Greg Wayn at Amcor

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Greg Wayn has been photographing the Amcor demolition site, a subject made to order for his talents.

Amcor, the former paper mills next to the Yarra river, is a enormous industrial site now being demolished to create another disappointing suburban development. In the meantime, Greg has been busy recording it on its way down. It looks like a war zone.

He has used Amcor as subject matter for different photographic approaches. What you see below are single images from separate projects, each made with a different technical or visual strategy. Click on the links below to see the complete series on his Photoworks blog.

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Greg Wayn, Disappearing,’The Amcor Factory is now in the final stages of ‘disappearing’ and I have been trying out some new ways of interpreting this stage… the following ‘fluid landscapes’ are an attempt to create a more dreamlike series of images…

 

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Greg Wayn, WallsThere are very few walls left at all at the Amcor factory site and the final stage of demolition is at hand, so I felt obliged to record what was left…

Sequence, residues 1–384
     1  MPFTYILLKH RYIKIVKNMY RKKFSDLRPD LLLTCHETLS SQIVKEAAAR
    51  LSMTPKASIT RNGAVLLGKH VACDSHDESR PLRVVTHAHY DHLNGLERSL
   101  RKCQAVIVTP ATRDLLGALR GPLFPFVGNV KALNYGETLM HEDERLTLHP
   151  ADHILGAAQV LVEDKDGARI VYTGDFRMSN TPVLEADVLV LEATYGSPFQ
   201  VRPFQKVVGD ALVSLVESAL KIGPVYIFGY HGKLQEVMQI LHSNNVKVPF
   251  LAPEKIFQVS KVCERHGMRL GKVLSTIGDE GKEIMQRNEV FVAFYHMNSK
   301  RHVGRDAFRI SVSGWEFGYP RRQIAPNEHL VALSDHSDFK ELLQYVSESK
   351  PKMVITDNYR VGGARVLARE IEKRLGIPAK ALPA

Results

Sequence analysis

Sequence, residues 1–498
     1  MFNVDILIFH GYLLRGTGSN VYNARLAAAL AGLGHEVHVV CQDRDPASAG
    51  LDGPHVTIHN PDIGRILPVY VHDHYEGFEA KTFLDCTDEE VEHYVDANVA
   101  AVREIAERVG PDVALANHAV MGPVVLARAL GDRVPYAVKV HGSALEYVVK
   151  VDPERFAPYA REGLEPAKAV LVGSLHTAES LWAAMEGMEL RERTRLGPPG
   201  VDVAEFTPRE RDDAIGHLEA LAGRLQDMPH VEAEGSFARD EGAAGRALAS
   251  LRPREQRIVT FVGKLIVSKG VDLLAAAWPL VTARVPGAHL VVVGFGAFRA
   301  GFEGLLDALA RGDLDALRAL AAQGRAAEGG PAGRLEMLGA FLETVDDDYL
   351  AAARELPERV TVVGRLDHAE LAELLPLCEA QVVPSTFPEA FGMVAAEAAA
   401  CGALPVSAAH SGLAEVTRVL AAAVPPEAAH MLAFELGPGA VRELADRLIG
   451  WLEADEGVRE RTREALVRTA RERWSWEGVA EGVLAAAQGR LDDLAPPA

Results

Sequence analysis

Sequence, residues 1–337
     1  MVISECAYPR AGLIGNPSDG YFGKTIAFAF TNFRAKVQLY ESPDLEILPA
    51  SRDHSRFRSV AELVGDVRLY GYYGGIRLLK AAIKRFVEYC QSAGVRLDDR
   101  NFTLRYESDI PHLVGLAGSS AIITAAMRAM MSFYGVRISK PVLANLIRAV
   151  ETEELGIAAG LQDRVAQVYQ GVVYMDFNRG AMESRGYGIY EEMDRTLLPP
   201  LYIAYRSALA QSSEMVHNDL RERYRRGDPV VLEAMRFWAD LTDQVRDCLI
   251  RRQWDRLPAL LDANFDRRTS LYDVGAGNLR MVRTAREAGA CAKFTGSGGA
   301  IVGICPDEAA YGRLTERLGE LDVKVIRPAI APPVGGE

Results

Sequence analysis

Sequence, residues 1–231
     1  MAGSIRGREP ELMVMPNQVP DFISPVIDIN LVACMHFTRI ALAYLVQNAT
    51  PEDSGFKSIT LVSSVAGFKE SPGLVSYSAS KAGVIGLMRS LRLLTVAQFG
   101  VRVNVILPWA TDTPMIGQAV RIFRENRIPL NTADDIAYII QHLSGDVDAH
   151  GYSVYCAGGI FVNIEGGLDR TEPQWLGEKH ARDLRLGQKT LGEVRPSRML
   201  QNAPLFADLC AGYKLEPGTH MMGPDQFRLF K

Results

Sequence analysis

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Greg Wayn, B&W Images

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Greg Wayn, Last Days‘Freeform’ panoramas taken in what remains of the Amcor Factory site. It has been hard to make these work as successfully as I has wanted, but I think it is still worth making images for something that is disappearing so quickly and it has been such a dominant part of Alphington’s history…

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Wolfgang Sievers lives!

Wolfgang Sievers, Adams bronze foundry, 1968

If you love Wolfgang Sievers as much as I do – both the man and his work – then this will interest you. The National Library of Australia has the complete archive of his work online and you can scroll through it at will from your computer. This is a vast collection of images covering decades of his work, industrial, architectural, products, portraits, a privelaged insight into his long working life. It is also instructive in showing the versality that a commercial photographer needs to have.

I once began an article about him with the line “In Wolfgang Sievers’ photographs, Australia is busy”, and you can see from this collection an energetic and productive nation. Sievers was a great propagandist for development, but it was often cast in terms of the skill and labour of an individual worker, as in the image above.

The archive can been be found on the Library’s Picture Australia site here.